The votes are in. Business-to-Business publisher WTWH Media, LLC, has announced the winners of the second-year Leadership in Engineering Achievement Program (LEAP) Awards, a design engineering product competition honoring the most exciting new products in a host of technology areas: Additive Manufacturing, Advanced Materials, Analog Electronics, Connectivity, Embedded Computing, Fastener Technology, Hydraulics, Industrial Automation, Mechanical, Motion Control, Pneumatics, Power Electronics, Software, Switches & Sensors, and Test & Measurement.
Honors in the Embedded Computing category went to Renesas Electronics Corporation for their RZ/A2M MPU which combines Renesas proprietary DRP technology for fast pre-processing of image data and feature extraction, running alongside an Arm Cortex-A9 CPU for decision making, to deliver a unique hybrid approach for accelerating machine vision applications. This integration makes the RZ/A2M MPU ideal for embedded applications that require real-time image processing, low power consumption, and small form factor.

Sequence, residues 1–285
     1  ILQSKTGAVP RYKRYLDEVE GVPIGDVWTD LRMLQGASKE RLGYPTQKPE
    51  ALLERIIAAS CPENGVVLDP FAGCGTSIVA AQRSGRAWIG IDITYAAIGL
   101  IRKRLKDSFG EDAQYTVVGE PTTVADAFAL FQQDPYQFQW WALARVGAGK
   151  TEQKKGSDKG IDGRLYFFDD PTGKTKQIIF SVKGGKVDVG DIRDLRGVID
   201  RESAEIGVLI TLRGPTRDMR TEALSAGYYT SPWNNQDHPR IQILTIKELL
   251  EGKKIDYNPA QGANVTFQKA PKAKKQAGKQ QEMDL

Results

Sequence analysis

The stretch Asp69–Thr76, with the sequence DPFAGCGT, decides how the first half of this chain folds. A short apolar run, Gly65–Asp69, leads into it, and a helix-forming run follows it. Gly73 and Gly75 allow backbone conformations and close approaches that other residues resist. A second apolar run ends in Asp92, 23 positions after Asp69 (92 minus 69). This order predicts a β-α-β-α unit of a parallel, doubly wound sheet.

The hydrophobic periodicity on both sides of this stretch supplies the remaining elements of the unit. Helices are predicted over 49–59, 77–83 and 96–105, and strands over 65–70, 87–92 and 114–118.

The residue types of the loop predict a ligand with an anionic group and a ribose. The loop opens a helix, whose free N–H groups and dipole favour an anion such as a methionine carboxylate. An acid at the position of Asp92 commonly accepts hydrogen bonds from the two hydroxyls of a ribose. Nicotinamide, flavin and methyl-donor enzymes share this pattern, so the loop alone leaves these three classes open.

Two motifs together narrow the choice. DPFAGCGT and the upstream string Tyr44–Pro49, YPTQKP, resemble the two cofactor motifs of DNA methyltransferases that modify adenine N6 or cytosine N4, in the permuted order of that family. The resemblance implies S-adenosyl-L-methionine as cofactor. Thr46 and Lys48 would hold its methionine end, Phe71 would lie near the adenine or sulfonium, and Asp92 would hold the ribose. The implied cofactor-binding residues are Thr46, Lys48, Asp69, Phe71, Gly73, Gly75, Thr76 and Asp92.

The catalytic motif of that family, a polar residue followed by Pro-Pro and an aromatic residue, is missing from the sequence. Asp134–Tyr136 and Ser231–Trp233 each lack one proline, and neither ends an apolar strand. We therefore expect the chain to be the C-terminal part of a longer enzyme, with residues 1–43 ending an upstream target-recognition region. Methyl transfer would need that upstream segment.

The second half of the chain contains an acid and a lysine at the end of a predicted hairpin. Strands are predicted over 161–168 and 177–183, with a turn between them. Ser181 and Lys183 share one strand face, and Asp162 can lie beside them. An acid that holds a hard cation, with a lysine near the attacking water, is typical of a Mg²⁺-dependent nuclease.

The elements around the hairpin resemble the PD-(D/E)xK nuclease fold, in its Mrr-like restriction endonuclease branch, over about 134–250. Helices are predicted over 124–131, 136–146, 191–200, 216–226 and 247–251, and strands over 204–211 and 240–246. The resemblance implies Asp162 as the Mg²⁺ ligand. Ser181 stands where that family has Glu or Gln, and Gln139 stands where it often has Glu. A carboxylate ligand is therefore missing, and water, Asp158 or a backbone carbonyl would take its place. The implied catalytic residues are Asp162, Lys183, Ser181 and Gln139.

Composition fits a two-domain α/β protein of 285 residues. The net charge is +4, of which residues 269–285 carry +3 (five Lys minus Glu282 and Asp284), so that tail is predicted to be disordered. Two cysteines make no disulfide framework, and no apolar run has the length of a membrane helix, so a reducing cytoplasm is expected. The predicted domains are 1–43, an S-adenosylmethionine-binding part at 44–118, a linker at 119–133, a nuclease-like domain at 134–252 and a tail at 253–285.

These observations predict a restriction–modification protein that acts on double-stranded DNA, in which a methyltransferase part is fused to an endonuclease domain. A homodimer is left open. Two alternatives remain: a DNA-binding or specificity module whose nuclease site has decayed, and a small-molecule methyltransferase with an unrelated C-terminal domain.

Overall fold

The DRP built into the MPU is run time-reconfigurable hardware that delivers the acceleration benefits of dedicated circuitry while avoiding the cost and power penalties associated with embedded FPGA-based approaches. DRP technology breaks through logic capacity constraints by dividing complex data paths into smaller “Contexts” that are loaded under the direction of a state transition controller to reconfigure the accelerator hardware on a cycle-by-cycle basis without interrupting CPU execution. This Dynamic Configuration capability realizes spatial expansion of the acceleration resources, enabling the DRP silicon to implement functions of varying complexity.
Dynamic Loading of new configuration data sets enables the DRP to accelerate multiple algorithms within the RZ/A2M application code. The combination of Dynamic Configuration and Dynamic Loading gives the DRP hardware virtually unlimited expansion capability, eliminating the need to move to a larger device as algorithms grow in complexity. Upgrades to address evolving standards or enhance functionality can even be delivered to systems in the field via software updates.